Visible Language

Visible Language


During our trip to the Museum of Fine Arts, I was able to closely examine many artifacts which I would normally glance over on previous visits to the exhibits. By applying ideas from in-class discussion and recent readings, I was able to gain a new perspective regarding said artifacts and their history, and look at them from a new angle. The two I chose to compare were the Relief of the Royal Cup-Bearer Tjawy and a ceremonial wine vessel from the Zhou dynasty in China. Though separated by an estimated period of approximately 300 years, the two share a number of similarities and possible interpretations.

Relief of the Royal Cup-Bearer Tjawy

This relic, as implied by its title, is a stone relief from Egypt. According to the museum summary, it appears to have been a tomb element of one named Tjawy, made out of limestone during Amenhotep the Magnificent’s rule, approximately 1390-1353 B.C. The text of this artifact is, of course, based in hieroglyphics, the Egyptian alphabet composed of symbols. Of particular interest was how this method of writing, which in itself is inherently pictorial, clearly followed rules of grammar and had a universal structure, as modern civilizations discovered with the Rosetta Stone. This particular artifact, as well as having a great amount of hieroglyphics on it, also displays a number of drawn scenes on the opposite side. Part of the description by the MFA is as follows:

  • “The back contains fifteen lines of a biographical inscription, while the front shows five registers of scenes, each of which was intended to provide the deceased with all the necessities in the next world.”

What intrigued me about this was the implied emphasis placed not on the power of writing and speech, but on the power of images, the latter of which was far more important in the afterlife, according to the museum summary. Despite having a clear, structured system of writing, the Egyptians placed their soul/life after death in imagery, and not through well written prayer or such. In this, I thought of our in-class discussion on Butler’s Speech Sounds, and how in that story, spoken speech had almost completely disappeared and even the ability to understand written words varied from person to person. The class discussion on the power of language and the implications of the world in Butler’s story made me consider the context and society in which Tjawy’s relief may have been created. To this, I cannot say I have truly found an answer, but going over the possibilities and comparing it to Butler’s future dystopian society was an interesting experience.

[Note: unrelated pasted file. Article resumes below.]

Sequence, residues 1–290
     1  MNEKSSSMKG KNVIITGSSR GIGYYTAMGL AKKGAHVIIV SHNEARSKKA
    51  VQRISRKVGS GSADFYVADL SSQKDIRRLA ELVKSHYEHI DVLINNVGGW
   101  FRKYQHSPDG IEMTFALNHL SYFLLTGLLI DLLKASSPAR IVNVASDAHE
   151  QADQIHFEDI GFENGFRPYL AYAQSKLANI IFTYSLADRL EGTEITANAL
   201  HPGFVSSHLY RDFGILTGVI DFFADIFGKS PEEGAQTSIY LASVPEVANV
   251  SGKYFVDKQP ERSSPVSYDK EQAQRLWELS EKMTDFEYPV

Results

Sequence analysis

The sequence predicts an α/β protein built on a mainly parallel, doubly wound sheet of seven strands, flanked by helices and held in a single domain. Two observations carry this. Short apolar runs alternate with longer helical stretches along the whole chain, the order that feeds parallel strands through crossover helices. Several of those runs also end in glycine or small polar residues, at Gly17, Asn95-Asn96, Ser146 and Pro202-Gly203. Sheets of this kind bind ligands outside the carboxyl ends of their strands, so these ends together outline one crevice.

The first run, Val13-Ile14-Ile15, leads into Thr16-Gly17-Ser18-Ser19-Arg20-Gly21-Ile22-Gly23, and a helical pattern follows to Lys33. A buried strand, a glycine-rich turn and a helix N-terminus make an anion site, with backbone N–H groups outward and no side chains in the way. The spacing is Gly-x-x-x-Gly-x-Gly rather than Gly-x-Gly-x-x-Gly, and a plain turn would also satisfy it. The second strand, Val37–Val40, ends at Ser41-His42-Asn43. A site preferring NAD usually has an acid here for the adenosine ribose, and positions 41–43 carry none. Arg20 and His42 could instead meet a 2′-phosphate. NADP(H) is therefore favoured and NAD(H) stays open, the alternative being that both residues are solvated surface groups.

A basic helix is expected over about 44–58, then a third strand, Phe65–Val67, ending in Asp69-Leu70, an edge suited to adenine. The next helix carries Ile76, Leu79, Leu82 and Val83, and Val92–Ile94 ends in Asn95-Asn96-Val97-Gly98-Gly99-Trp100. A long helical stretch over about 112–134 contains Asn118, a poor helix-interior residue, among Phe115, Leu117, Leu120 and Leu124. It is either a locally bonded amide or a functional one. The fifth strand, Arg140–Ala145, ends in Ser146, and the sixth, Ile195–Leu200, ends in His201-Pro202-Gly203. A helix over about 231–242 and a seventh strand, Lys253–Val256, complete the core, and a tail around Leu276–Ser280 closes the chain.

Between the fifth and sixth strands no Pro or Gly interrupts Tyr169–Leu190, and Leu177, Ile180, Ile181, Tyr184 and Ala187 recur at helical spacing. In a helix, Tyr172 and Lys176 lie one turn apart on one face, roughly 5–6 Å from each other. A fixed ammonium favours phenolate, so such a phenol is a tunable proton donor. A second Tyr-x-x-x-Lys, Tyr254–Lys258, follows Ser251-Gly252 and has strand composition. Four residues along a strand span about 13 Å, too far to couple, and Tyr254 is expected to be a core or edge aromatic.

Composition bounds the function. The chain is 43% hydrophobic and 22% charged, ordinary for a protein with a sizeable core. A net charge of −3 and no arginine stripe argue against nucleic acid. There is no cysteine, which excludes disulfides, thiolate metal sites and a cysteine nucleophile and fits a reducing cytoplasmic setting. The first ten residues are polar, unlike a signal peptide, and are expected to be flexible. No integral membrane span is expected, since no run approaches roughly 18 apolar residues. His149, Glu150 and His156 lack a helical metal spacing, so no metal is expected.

Ceremonial Wine Vessel

This wine vessel, made of bronze in approximately the late 11th/early 10th century B.C in China, contains an inscription on the inside. According to the MFA’s summary, it reads:

  • “In the beginning when Qin was appointed to be Prime Minister by imperial command to govern the people, the people praised him. He then had this bronze made as an offering to the memory of his deceased father, and ordered that his children and grandchildren treasure it forever.”

It is thus obvious that the artifact in question was not a commoner’s possession, but a high class citizen’s. At this time, of course, literacy and education were not anywhere near widespread in China. Thus, the value of this object, and in turn, the importance placed on the text/inscription within the vessel, can be presumed. From this, we can understand that homage to one’s ancestors, and keeping records of the past, were considered important enough for one to painstakingly inscribe such lines of text in bronze. While examining this object, I thought back to McLuhan’s writings on how the medium is a message in itself. The ceremonial importance of such a vessel, and the fact that the bronze vessel was selected “as an offering to the memory of his deceased father” and written on indicates an interesting view into Zhou Chinese views on certain ceremonies and ancestral recognition, making the medium of the bronze vessel contain a message in itself.

Comparisons and Conclusions

Though the two chosen artifacts were set in entirely different continents, entirely different cultures, and even hundreds of years apart, it is this very fact that allows us to put forth potential interpretations surrounding these artifacts. Regarding similarities, both use a clear, developed system of writing, and both appear to be related to a relatively high class person (a royal cup bearer and the descendants of a prime minister, respectively). However, the importance placed on text in each artifact is what differs. In the Egyptian relief, visual imagery and drawn scenes are clearly far more significant to the society than the hieroglyphic system of writing, as seen by the fact that said images are intended to assist the deceased in the eternal afterlife, which the Egyptians held to the highest degree. In contrast, the Chinese artifact uses their system of writing to allow one to pay homage to their ancestors, working in conjugation with whatever ceremonies they had. The text of the Chinese artifact is part of the wine vessel, and the meaning behind the text is a part of the ancestral reverence/ceremony itself; a message in the medium, in a way. The standards and importance placed on different things in each society, as well as some insight into how each culture thought regarding some of their activities, can be seen in these two artifacts.